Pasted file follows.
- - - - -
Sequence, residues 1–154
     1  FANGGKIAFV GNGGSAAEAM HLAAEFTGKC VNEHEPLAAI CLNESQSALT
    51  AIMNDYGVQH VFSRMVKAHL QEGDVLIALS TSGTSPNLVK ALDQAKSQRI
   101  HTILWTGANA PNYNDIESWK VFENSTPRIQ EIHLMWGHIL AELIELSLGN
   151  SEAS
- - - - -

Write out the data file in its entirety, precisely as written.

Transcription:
Sequence, residues 1–154
     1  FANGGKIAFV GNGGSAAEAM HLAAEFTGKC VNEHEPLAAI CLNESQSALT
    51  AIMNDYGVQH VFSRMVKAHL QEGDVLIALS TSGTSPNLVK ALDQAKSQRI
   101  HTILWTGANA PNYNDIESWK VFENSTPRIQ EIHLMWGHIL AELIELSLGN
   151  SEAS